I was now particularly curious to know. And one day when Joss came from the cellar into the kitchen to beg some tea to drink with a meal of bread and cheese, I put the question – boy-like – bluntly to him. I have never forgotten some of his Doric phrases. He drew me between his knees, and said, partly with pride and party with indignation: “Peterloo lad! I know. I were theer as a young mon. We were howdin’ a meeting’ i’ Manchester – on Peter’s Field – a meetin’ for eawr rests– for reets o’ man, for liberty to vote, an’ speak, an’ write, an’ be eawrsels– honest hard workin’ folk. We wanted to live eawr own lives, an’ th’ upper classes wouldn’t let us. That’s abet it, lad. We were howdin’ a meetin’ a peaceful meetin’ an they sent t’ dragoons among us to mow us dean. T’ dirty devils – they sent t’ dragoons slashin’ at us wi’ their swords. There were some on us sheawtin’ ‘Stop! Stop! What are yo’ doin that for? We on’y want eawr reets.’ An’ they went on cuttin’ through us, an’ made us fly helter-skelter–aw because we were howdin’ up t’ banner o’ liberty an t’ rests o’ mon. Bournes (Burns) says ‘Liberty’s a glorious feast.’ But th’ upper classes wouldn’t let us poor folk get a taste on it. When we cried for freedom o’ action they gav’ us t’ point of a sword. Never forget lad! Let is sink i’ the blood. Ston up an’ eight for tweets o’ mon–t’ meets o’ poor folk!”
“Banner o’ Liberty,” “t’ reets o’ mon,” ’t dragoons slashin’ amung us wi’ their swords,” were dinned into my ear till I could not forget. I could not understand then why Joss was trembling with rage. I cannot then understand why he, having lived for over 50 years after the event, she still committed to disturb his mind. I suppose it had got in his blood and he could not live it out. I presume also that continuous use of poverty together with years of political injustices and vagaries, and dear food, for which she had lived, had helped to nurse his hatred which he resolutely passed on to others.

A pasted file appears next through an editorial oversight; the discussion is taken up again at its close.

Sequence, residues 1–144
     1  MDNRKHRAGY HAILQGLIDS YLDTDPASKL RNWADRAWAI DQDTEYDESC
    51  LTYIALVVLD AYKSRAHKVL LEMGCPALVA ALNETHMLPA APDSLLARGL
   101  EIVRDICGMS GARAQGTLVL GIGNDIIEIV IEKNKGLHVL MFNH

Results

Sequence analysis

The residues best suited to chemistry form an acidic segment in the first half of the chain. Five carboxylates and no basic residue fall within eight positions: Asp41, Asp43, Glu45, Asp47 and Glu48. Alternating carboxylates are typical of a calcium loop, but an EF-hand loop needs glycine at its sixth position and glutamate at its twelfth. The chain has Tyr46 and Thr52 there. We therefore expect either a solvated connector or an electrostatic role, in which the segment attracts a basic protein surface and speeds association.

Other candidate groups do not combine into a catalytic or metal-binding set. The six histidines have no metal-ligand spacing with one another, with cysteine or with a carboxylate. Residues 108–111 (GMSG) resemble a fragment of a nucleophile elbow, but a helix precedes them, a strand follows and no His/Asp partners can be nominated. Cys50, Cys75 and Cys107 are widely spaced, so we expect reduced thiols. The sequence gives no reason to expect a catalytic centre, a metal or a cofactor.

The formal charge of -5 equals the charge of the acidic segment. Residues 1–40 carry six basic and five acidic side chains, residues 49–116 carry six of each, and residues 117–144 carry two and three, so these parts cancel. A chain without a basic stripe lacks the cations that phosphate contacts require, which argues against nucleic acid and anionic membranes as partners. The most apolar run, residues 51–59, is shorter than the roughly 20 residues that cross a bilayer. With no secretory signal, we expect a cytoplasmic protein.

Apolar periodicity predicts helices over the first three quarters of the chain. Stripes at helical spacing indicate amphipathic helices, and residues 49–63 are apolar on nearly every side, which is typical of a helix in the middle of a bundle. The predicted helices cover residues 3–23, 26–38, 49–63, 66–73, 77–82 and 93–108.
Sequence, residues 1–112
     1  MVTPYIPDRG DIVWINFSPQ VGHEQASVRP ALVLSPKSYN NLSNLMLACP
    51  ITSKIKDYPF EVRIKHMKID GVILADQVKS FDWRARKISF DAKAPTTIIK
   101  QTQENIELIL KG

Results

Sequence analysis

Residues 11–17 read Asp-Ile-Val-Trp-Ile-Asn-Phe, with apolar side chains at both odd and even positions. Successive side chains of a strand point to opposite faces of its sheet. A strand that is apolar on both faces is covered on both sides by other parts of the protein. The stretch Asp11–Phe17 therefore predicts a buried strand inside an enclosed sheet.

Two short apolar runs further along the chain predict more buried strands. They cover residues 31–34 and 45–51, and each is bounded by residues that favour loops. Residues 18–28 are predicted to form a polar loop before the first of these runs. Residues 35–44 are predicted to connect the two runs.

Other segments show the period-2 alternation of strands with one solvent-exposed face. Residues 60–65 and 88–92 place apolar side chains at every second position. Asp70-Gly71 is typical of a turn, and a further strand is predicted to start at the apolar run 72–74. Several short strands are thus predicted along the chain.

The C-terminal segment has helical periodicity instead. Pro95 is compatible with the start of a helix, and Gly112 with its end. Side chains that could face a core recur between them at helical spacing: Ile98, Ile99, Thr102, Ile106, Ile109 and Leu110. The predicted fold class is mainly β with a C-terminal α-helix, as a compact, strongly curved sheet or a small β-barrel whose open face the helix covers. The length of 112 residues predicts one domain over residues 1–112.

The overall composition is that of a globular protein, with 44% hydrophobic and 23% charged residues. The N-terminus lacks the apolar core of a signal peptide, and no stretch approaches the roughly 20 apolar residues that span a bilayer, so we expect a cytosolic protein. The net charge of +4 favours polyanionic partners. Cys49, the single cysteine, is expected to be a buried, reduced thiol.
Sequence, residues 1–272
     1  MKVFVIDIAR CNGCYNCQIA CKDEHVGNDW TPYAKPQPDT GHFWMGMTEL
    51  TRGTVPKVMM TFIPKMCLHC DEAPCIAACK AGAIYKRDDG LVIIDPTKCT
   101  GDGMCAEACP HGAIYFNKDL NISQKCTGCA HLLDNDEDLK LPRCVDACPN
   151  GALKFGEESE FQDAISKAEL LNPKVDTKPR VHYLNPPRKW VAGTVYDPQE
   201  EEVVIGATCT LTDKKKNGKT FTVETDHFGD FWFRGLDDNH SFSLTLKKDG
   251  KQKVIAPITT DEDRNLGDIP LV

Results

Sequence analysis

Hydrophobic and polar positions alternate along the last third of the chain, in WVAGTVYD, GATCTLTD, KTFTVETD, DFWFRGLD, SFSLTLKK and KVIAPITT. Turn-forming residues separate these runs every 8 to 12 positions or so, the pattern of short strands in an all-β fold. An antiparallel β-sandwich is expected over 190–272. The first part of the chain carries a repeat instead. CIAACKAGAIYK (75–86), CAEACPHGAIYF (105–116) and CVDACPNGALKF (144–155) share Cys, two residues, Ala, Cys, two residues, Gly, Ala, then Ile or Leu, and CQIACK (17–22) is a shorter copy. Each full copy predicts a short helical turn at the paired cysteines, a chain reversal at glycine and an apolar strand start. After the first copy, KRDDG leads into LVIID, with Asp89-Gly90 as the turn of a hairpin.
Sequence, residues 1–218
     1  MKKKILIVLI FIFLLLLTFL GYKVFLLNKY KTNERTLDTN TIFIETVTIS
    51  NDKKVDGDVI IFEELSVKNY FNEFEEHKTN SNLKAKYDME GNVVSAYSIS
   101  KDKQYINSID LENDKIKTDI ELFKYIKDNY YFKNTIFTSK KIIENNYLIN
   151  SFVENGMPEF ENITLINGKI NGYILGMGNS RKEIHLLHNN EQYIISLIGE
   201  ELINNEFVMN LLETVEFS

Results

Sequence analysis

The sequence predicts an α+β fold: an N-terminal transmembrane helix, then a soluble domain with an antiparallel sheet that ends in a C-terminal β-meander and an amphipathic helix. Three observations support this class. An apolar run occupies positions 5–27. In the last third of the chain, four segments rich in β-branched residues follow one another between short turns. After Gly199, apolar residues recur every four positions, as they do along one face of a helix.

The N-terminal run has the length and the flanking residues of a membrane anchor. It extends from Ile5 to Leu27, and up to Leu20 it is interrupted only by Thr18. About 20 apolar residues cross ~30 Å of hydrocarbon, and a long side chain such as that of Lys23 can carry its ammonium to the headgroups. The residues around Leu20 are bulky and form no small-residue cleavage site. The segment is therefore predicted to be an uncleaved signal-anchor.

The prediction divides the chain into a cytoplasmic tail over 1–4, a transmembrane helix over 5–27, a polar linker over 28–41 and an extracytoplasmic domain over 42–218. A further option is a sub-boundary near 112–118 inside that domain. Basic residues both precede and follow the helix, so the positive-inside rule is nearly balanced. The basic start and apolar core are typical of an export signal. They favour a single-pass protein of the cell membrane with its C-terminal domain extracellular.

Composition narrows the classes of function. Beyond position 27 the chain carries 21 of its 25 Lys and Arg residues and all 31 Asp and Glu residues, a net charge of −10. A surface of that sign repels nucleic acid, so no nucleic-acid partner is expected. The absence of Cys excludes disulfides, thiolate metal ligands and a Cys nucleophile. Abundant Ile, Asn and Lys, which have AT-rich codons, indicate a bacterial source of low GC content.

Political career began at Peterloo – a dramatic beginning, to be sure. Ended in a damp, dark handloom cellar at the age of 81. I remember asking my father years after – when thinking of the sayings of the songs of Joss – how much would be the earnings of Joss as a rule. I was told not more than 10 shillings to 12 shillings per week – sometimes a few shillings more, sometimes “nowt at aw.” Yet to the very end of his hard days just really omitted as far as I can recollect, to talk and swear about the struggle that began at Peterloo, and which he traced to the mob skirmishes in connection with the agitation for the First Reform Act, the aims of the Free Trade League, the Chartists, and the plug drawers. We talked and talked of these affairs of men, and the opposition to them, as he swung the shuttle across his loom was he sat in the impoverished kitchen or in the Tavern at the corner of the main street he was only 19 years of age when he escaped from the massacre of Peterloo. And you can say how much the working class is owed to men like Joss Wrigley a poor handloom weaver who from his obscurity passed on their spirit and opinions to coming generations?
The Guardian, 13 Aug 1919
My recent long read article for Mutiny Capitalist crisis, Coronavirus and (post) Corbynism has been turned into an ebook and a PDF if you prefer to read it through other means than just scrolling through a website article
“We also need an honest examination of the legacy of Corbynism. While many are arguing that Corbyn ‘won the argument’ over austerity and helped pull the national dialogue to the left, we should be cautious even on that question. We have a vicious populist right-wing government with a significant mandate; the degree to which they are committed to anti-austerity is going to be tested by the damage of the economic collapse after COVID-19 and the oncoming world recession.
In the Corbyn era, the left got too sucked into the standard routine of Labourism, into backstabbing manoeuvres for temporary advantage in committees, into an uncritical parliamentary politics, into the petty ambitions and opportunistic advancement of wannabe politicians. The political culture was also toxic, with a cultish devotion and naïve adoration of the party leader – reminiscent of how many Labour Party members behaved under Blair. The criticisms levelled by the New Left in 1968 against Labour and the Labour left turned out to be true. Of course, it was the right thing to be in Labour and have that fight, but let’s not kid ourselves about the real-world impact.”
An account of the Chartists preparations for the mass gathering on 10 April 1848, when they intended, arms in hand, to march on parliament with a petition from the people to demand the implementation of their Charter for greater democracy.
At the event held on 2 April to garner some last minute signatures, two speakers Mr John Fussell and Mr Ernest Jones regaled the assembled people.
The below account is based on the account published in the Morning Star 8 Apr. 1848.
As this book was being prepared for publishing, Boris Johnson led the Conservative Party to a decisive electoral victory on 12 December 2019. This defeat sent demoralising shock waves across the left. The spectre of a never-ending Tory government, headed by a narcissistic liar and born to rule populist demagogue, left many in despair.